In 2009, Harrison said a call came into his unit for a two-year-old in cardiac arrest.

“They dispatched us to a road that I was familiar with, but I also knew the addresses were notorious for being out of order,” explained Harrison.

His crews tried their best to find the home. However, they were four minutes past their planned arrival time when they finally arrived.

Last week they launched The Locator 911, a smart LED light bulb. Since the launch, it has reached 19 states across the U.S.

“When you call 9-1-1, you just touch the app … You dial 911. As soon as you hit dial, it turns the light on the porch into that strobing beacon,” Cupples explained.

They hope this beacon will light the way for other first responders.

Former medic creates smart LED bulb to help emergency crews find homes faster | News |

I like any gadget or tool that can help shave seconds of delay that can go to save a life. However, don’t depend on just one item but have backups. The first back up I have personally used is my emergency flashers of my own car. The disadvantage would be you have to get in the car to activate or add noise by clicking the emergency button in your fob. But this only works if your car is parked in front of the house or in a garage with the door open facing the road. For apartment buildings, battery-operate flashing strobes will serve as beacon for emergency responders. You can look in Amazon and have your pick of what they call “LED Road Flares Emergency Lights” with three for under $25. If you live in a big building complex, you may use one on any opening of the floor you live in that faces towards the street and one in front of your apartment.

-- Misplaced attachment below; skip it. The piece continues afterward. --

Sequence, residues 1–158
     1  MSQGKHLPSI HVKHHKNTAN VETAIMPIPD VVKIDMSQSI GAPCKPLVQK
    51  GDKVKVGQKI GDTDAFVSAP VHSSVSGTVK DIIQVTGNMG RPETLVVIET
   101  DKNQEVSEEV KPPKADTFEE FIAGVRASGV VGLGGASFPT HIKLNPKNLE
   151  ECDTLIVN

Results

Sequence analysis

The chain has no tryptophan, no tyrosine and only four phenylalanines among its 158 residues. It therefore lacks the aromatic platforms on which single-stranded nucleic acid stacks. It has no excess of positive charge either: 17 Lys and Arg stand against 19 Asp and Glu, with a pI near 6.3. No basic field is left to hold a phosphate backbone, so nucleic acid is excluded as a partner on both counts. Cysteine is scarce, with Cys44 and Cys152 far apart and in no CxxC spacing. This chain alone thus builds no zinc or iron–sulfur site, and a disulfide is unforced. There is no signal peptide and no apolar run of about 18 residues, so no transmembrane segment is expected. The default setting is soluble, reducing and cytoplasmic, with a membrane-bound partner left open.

And there is always the option of having somebody actually wait out front with a flashing light and guide the emergency personnel to the location. If you have one of those tac lights with 7,000 lumens, please don’t shine it directly on the oncoming truck, they may frown on that as they crash blindly against an obstacle.

And before I forget, do tell 911 to advise responders there will be a flashing light (describe it, yellow or red or white or whatever color strobe, or guy with a flashlight or emergency lights of a vehicle and do tell color make and model) in or near the area where the emergency is happening. More information is always better.


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By Miguel.GFZ

Semi-retired like Vito Corleone before the heart attack. Consiglieri to J.Kb and AWA. I lived in a Gun Control Paradise: It sucked and got people killed. I do believe that Freedom scares the political elites.

3 thoughts on “When you need to be found.”
  1. The rural first-responders haven’t had any trouble finding us (it probably helps that I got our location on Google Maps corrected, so phone nav gets close enough to read the number and name on the mailbox).
    One part of the slow-moving “upgrade the defense grid” project is some centrally-controlled outdoor lighting, including driveway markers for guiding expected guests and floodlights pointed down the driveway for deterring unexpected guests. An illuminated street number might also be in order.
    (The current phase of that, When I Have Time To Focus On It, is evaluating radio modules in hopes of finding one that has suitable characteristics, including enough range to run bits back and forth between the house and the various places I want to put lights, sensors, cameras, and whatnot. Probably ends up being a mesh network, and any images from the far back yard will be slow to arrive, but things in the far back yard are most likely deer, loose dogs, and the like.)

Only one rule: Don't be a dick.

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